Peripheral nerve injury is common and occurs due to a variety of causes including trauma, diabetes, cancerchemotherapy, autoimmune reactions, and genetic disorders. Although peripheral neurons are capable ofregenerating, this process is generally incomplete. It is therefore crucial to determine ways in which regener-ation can be enhanced. Macrophages are thought to promote peripheral nerve regeneration after an acuteinjury due to their accumulation in the distal nerve where they phagocytize axonal debris and myelin therebycreating an environment through which axons can grow. In addition, macrophages secrete cytokines thattrigger growth factor synthesis in non-neuronal cells in the nerve. The absence of these actions has beenassumed to be the basis for the slow regeneration that occurs in the slowly degenerating Wlds mouse. How-ever, it has been known for 20 years. In part due to our studies. that there is a second, distinct, site of mac-rophage accumulation after injury, namely, peripheral ganglia such as dorsal root ganglia (DRGs) where theaxotomized cell bodies reside. What has remained unknown is what function these macrophages subserve.Recent studies from our lab represent a major advance in answering this question. Work with two mutantmouse strains, a knockout for the chemokine receptor CCR2 and the Wlds mice led to the hypothesis thatmacrophage accumulation in ganglia is required for the occurrence of the conditioning lesion (CL) response,the response in which neurite outgrowth after a lesion is increased as a consequence of an earlier condition-ing lesion. This application is designed to test the following overall model: macrophages brought into theDRG by the chemokine CCL2 trigger the expression of regeneration associated genes (RAGs) via thesecretion of cytokines around axotomized cell bodies and this promotes the CL response and regen-eration in addition to any effects macrophages have on the distal nerve. To establish beyond doubt thatCCL2-dependent macrophage accumulation and the CCL2-dependent CL response are causally related,we will use an inhibitor of colony stimulating factor 1 receptors to deplete circulating monocytes. To deter-mine whether macrophages act directly on neuronal cell bodies, we will use microfluidic chambers in which aneuron?s cell body and axon can be separated. Gene expression using RNAseq will be compared after ax-otomy in CCRs -/- and wild type animals to determine which axotomy-induced genes are dependent on mac-rophage accumulation. Since we have shown that Wallerian degeneration is normal in CCR2 -/- mice butmonocyte infiltration into DRGs is blocked, these animals will allow us to determine whether macrophageaccumulation in DRGs is required for sensory nerve regeneration in vivo. Using these novel approaches, wewill examine the mechanisms underlying the relationship between macrophage accumulation near axoto-mized cell bodies and axonal growth. Emphasizing ganglia, unexplored sites of neuroinflammation, repre-sents a paradigm shift from the traditional view that focuses on macrophage effects on the distal nerve.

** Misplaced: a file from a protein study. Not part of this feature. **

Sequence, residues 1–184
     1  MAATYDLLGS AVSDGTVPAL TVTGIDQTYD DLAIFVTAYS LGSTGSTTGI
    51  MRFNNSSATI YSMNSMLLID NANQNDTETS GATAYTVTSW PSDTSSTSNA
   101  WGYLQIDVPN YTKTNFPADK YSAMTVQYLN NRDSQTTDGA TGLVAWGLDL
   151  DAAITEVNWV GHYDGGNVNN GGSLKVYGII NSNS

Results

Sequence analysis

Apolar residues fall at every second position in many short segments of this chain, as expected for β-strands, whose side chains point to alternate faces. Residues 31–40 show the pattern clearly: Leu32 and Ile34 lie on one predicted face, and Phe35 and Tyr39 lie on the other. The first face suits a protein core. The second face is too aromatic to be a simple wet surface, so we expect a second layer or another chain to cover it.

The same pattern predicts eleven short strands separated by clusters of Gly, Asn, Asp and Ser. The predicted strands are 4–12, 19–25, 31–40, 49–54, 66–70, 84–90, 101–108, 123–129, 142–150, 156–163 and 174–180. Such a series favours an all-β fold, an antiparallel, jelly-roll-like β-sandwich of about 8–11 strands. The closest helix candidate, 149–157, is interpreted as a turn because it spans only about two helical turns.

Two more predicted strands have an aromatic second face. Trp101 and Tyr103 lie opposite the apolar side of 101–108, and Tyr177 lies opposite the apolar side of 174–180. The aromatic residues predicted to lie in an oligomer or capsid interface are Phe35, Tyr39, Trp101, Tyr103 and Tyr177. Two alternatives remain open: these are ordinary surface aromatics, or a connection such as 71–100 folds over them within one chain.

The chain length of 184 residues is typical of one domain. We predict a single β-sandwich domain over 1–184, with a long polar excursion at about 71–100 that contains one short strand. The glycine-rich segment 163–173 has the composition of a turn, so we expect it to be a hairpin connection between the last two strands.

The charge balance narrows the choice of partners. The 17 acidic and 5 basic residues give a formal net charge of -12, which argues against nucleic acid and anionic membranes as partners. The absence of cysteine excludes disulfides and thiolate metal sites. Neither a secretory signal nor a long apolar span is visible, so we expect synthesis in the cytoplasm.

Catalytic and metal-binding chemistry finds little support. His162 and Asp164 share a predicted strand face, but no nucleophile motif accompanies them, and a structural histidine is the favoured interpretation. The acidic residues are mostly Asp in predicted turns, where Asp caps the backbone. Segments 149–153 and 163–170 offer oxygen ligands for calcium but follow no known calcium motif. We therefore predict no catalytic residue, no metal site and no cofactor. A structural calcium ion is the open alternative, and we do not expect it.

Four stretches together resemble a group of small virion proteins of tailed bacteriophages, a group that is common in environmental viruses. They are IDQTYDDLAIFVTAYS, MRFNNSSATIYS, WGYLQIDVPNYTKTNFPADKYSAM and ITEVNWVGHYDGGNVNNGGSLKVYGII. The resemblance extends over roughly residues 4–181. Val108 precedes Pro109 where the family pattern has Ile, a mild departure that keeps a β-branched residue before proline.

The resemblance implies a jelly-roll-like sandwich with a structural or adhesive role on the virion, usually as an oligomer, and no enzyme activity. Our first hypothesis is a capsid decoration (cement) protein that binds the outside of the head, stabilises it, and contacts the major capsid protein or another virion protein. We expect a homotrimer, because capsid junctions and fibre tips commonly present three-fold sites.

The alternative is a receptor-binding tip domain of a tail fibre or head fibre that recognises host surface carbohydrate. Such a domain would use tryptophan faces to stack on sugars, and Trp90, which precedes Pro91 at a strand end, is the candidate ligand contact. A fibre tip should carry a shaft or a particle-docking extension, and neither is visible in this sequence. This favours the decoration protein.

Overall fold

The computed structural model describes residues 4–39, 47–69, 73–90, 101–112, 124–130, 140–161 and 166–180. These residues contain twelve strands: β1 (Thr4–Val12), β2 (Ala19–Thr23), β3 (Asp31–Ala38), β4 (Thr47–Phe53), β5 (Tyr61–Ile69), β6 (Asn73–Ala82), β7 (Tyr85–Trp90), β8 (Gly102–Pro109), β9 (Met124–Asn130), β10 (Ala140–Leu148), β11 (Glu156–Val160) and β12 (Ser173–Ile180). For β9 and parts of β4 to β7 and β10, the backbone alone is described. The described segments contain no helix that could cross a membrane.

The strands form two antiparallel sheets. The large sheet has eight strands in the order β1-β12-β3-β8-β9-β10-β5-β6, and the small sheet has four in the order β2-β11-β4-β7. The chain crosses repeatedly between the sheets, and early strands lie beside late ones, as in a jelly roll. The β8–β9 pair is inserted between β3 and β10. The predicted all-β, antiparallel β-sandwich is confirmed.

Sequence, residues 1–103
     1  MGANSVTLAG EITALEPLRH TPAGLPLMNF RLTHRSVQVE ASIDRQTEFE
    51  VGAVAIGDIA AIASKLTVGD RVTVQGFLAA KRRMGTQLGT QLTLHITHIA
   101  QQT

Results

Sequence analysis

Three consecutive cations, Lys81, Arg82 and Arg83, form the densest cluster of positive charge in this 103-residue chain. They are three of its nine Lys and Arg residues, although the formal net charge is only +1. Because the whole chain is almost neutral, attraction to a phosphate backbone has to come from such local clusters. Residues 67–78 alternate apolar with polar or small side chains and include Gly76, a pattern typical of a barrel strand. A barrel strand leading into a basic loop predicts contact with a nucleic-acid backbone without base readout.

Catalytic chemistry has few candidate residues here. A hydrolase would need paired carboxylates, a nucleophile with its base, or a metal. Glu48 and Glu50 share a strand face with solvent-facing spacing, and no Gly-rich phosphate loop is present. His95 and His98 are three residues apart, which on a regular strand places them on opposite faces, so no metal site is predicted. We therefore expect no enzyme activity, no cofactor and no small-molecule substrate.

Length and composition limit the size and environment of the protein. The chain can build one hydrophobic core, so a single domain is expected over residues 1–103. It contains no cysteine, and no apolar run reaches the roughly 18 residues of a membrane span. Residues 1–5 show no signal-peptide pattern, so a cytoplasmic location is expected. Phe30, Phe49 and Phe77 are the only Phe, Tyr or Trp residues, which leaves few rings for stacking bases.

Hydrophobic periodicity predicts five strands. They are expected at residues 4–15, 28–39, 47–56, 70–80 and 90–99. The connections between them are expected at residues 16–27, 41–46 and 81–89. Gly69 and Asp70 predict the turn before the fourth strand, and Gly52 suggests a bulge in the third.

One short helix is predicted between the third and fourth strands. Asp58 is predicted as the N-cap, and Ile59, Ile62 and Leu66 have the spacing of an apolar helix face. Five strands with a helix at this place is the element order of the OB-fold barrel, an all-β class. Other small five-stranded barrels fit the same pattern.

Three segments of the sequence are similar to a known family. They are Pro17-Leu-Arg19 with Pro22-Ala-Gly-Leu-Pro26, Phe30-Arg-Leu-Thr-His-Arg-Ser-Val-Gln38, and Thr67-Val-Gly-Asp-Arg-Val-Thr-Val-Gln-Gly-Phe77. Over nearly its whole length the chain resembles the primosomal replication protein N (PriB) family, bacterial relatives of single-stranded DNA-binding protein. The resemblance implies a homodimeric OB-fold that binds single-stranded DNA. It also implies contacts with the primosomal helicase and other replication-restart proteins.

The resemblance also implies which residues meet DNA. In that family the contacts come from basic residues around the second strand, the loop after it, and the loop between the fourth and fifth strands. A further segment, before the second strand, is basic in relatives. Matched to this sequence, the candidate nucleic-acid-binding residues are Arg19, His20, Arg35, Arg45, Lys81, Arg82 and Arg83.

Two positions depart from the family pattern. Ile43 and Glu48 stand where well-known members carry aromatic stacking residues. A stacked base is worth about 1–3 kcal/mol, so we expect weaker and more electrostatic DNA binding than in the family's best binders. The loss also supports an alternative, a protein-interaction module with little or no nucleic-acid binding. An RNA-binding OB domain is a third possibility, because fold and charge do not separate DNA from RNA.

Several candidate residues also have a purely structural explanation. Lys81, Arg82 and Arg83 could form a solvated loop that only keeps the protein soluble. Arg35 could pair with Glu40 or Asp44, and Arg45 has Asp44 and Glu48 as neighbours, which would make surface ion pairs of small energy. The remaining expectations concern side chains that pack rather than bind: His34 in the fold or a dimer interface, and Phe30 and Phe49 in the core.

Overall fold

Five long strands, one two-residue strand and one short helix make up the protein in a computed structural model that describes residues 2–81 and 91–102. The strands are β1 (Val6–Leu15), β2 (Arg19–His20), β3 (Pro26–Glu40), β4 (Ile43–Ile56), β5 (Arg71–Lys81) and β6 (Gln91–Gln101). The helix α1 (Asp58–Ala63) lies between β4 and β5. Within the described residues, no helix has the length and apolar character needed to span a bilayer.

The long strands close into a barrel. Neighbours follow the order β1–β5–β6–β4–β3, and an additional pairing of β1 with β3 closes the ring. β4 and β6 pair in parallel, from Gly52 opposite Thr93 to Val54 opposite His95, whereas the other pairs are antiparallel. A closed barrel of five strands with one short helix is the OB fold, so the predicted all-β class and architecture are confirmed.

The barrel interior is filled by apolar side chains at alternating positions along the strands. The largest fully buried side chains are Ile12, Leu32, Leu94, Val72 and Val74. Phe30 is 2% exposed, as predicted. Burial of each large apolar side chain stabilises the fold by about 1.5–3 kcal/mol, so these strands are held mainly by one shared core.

|Effective start/end date||6/1/16 → 5/31/21|
- National Institutes of Health: $473,095.00
Colony-Stimulating Factor Receptors
Peripheral Nerve Injuries
Inborn Genetic Diseases
Macrophage Colony-Stimulating Factor
Wounds and Injuries